We offer some general resources and links on this page. You may find these interesting and useful. We will try to include some insightful less-known websites. [These websites are not maintained by us so we are not responsible for the content of the websites in these links or the links themselves.]
http://www.leadwithlovefilm.com/ This is the website for a 35-minute documentary, Lead with Love, based on the research of David Heubner, Professor of Psychology at the University of Utah. The goal of the film is “to provide comfort, information, and guidance for parents who have recently learned that their son or daughter is lesbian, gay, or bisexual.”
http://familyproject.sfsu.edu/home The Family Acceptance Project, directed by Caitlyn Ryan,”is the only community research, intervention, education and policy initiative that works to decrease major health and related risks for lesbian, gay, bisexual and transgender (LGBT) youth, such as suicide, substance abuse, HIV and homelessness – in the context of their families.” This website also includes a short documentary produced by the project.
http://mcclellandinstitute.arizona.edu/crossroads Steven Russell, Professor at the University of Arizona, is part of the Crossroads Collaborative team. “The Crossroads Collaborative includes University of Arizona (UA) faculty and students and two youth-oriented community partners, Gay-Straight Alliance Network and YWCA Tucson. The collaborative is dedicated to advancing research, graduate training, public conversation, and ultimately social change in the area of youth, sexuality, health, and rights.”
http://williamsinstitute.law.ucla.edu/ The Williams Institute “advances sexual orientation and gender identity law and public policy through rigorous, independent research and scholarship, and disseminates it to judges, legislators, policymakers, media and the public. A national think tank at UCLA Law, the Williams Institute produces high quality research with real-world relevance.”
http://www.apa.org/pi/lgbt/index.aspx The American Psychological Association Lesbian, Gay, Bisexual and Transgender Concerns Office (LGBTCO) “works to advance psychology as a means of improving the health and well-being of LGBT people, as a means of increasing understanding of gender identity and sexual orientation as aspects of human diversity, and as a means of reducing stigma, prejudice, discrimination, and violence toward LGBT people.”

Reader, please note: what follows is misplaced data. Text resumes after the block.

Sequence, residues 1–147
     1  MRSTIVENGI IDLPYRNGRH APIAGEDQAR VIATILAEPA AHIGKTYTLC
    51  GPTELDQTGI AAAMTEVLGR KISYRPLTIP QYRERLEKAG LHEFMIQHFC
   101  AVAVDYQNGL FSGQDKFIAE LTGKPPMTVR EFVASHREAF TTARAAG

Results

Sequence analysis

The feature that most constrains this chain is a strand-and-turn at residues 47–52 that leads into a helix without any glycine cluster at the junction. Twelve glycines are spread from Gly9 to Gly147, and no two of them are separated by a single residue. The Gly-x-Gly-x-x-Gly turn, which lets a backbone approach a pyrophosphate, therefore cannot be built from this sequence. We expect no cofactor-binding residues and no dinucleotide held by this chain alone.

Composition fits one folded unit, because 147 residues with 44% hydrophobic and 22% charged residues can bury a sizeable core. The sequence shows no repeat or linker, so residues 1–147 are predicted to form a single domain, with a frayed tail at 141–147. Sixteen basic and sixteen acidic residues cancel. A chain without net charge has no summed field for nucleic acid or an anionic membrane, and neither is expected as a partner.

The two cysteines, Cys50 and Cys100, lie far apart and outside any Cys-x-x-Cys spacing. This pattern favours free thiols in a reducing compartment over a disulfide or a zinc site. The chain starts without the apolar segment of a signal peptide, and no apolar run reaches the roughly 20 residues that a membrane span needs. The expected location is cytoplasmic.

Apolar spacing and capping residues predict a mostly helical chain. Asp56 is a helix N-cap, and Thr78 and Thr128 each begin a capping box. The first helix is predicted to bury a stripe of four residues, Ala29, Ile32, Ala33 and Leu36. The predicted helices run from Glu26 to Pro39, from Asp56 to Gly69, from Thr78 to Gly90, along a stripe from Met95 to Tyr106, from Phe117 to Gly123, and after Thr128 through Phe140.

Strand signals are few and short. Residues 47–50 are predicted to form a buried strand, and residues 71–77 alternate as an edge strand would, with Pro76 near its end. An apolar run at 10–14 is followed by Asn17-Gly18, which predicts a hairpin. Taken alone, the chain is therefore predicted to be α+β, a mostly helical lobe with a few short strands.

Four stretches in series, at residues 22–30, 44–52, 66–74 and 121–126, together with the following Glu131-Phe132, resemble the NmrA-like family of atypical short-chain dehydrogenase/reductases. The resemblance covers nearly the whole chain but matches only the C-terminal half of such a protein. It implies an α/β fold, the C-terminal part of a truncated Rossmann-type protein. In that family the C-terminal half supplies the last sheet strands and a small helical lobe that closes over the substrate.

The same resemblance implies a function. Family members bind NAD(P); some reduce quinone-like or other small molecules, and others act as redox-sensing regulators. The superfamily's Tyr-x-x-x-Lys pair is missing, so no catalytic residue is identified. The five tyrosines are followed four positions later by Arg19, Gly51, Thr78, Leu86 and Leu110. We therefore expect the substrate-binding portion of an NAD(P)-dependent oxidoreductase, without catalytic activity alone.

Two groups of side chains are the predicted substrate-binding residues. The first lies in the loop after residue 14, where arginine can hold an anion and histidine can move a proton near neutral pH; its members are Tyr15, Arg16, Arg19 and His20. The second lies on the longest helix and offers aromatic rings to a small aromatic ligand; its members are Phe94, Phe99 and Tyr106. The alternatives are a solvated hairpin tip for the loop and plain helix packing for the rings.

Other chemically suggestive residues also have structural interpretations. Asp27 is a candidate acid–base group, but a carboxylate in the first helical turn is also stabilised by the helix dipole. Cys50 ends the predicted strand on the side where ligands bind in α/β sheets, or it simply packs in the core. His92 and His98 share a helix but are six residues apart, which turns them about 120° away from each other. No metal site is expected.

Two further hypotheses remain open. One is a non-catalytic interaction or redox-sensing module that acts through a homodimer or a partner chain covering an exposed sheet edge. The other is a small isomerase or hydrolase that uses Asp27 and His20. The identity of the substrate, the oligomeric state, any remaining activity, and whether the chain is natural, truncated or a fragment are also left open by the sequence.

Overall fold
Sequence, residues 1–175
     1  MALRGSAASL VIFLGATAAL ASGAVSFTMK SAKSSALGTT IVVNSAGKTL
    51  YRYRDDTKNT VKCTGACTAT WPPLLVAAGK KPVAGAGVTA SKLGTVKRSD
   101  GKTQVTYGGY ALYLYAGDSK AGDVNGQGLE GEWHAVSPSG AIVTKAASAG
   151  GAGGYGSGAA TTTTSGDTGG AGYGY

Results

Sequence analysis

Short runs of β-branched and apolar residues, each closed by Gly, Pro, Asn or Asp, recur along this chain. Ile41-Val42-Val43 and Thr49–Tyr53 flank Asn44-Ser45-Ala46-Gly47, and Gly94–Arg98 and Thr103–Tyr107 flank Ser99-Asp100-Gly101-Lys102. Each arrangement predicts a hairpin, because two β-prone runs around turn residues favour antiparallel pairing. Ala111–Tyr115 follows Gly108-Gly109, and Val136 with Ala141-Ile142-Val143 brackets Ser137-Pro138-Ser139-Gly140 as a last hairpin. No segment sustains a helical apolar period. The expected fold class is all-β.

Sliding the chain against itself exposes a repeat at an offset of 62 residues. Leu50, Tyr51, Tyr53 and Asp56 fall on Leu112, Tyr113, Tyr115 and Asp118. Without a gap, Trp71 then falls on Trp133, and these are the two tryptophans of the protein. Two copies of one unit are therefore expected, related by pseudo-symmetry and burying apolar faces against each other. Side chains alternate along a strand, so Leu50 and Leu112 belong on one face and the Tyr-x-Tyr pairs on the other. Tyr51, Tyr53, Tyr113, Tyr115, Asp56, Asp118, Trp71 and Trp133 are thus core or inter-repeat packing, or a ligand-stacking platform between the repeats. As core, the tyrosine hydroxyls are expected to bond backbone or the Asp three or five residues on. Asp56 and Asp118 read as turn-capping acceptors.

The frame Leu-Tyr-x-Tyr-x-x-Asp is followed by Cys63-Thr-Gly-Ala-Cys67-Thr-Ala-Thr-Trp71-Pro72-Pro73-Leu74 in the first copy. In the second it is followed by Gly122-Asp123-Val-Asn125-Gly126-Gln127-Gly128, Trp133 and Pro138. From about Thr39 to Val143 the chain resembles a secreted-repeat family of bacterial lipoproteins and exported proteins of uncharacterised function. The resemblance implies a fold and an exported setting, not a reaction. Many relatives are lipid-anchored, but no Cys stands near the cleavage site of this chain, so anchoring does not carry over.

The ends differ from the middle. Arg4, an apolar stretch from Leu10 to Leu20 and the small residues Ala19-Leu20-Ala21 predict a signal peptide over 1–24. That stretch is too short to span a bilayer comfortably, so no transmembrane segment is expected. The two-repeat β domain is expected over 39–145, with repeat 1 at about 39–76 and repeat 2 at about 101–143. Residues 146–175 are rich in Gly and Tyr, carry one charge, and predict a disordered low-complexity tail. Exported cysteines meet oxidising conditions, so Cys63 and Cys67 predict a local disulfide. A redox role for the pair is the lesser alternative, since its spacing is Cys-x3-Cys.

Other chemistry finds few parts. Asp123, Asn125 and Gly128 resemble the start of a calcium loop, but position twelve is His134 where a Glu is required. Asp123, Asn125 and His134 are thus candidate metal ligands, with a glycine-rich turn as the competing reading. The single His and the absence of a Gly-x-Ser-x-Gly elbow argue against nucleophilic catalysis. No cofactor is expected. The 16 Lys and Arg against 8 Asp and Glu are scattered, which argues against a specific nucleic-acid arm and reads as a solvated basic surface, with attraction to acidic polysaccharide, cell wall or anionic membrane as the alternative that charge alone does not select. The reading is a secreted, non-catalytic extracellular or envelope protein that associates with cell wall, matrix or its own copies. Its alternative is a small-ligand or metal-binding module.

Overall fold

http://www.nqapia.org/ The National Queer Asian Pacific Islander Alliance is a federation of LGBTQ Asian American, South Asian, Southeast Asian and Pacific Islander organizations. NQAPIA seeks to build the capacity of local LGBT AAPI organizations, invigorate grassroots organizing, develop leadership, and challenge homophobia, racism, and anti-immigrant bias.
http://nbjc.org/ The National Black Justice Coalition (NBJC) is a civil rights organization dedicated to empowering Black lesbian, gay, bisexual, and transgender (LGBT) people. NBJC’s mission is to end racism and homophobia. As America’s leading national Black LGBT civil rights organization focused on federal public policy, the National Black Justice Coalition has accepted the charge to lead Black families in strengthening the bonds and bridging the gaps between straight and LGBT people and communities.
http://www.youtube.com/watch?v=QzCANWGsEdc Voices of Witness: Out of the Box is a 27 minute “groundbreaking documentary giving voice to the witness of transgender people of faith courageously telling their stories of hope, healing and wholeness.” This documentary is an Integrity USA production and features interviews with members of the Episcopal church. Very interesting conversation starter.
CUPPLES Project Since 2002, the CUPPLES Project has been contacting and obtaining information from same-sex couples who obtained civil unions in Vermont during that first year, same-sex couples in their friendship circles who did not have civil unions at that time, and heterosexual married siblings and their spouses. For more information, go to http://cupplesstudy.paloaltou.edu
We also offer the following links for anyone experiencing any distress, or if you are interested in learning more about resources for LGBT people, please contact one of the following organizations:
- National crisis hotline web page: http://www.allaboutcounseling.com/crisis_hotlines.htm
- Web page that gives information about LGBT community centers across the U.S.: http://www.lgbtcenters.org/
- Web page of the National Coalition for LGBT Health: www.lgbthealth.net<http://www.lgbthealth.net>
- Web page that provides general health information for LGBT people: http://www.lgbthealthchannel.com/
- National resource for suicide hotlines: http://suicidehotlines.com/ or call 1-800-SUICIDE
- Web page that lists programs that address violence against LGBT people: http://www.hrc.org/issues/hate_crimes/hate_crimes_resorcesandpublications.asp National Gay and Lesbian Hotline: http://www.glnh.org/ or call 1-888-843-4564<tel:1-888-843-4564>
- Rape, Incest, and Abuse National Network: http://www.rainn.org/ or call 1-800-656-HOPE
- Trevor Project: Trained counselors are available 24/7 to support any young person in crisis, feeling suicidal, or in need of a safe and judgment-free place to talk, call the Trevor Lifeline now at 866-488-7386 or go to http://www.thetrevorproject.org/ for livechat.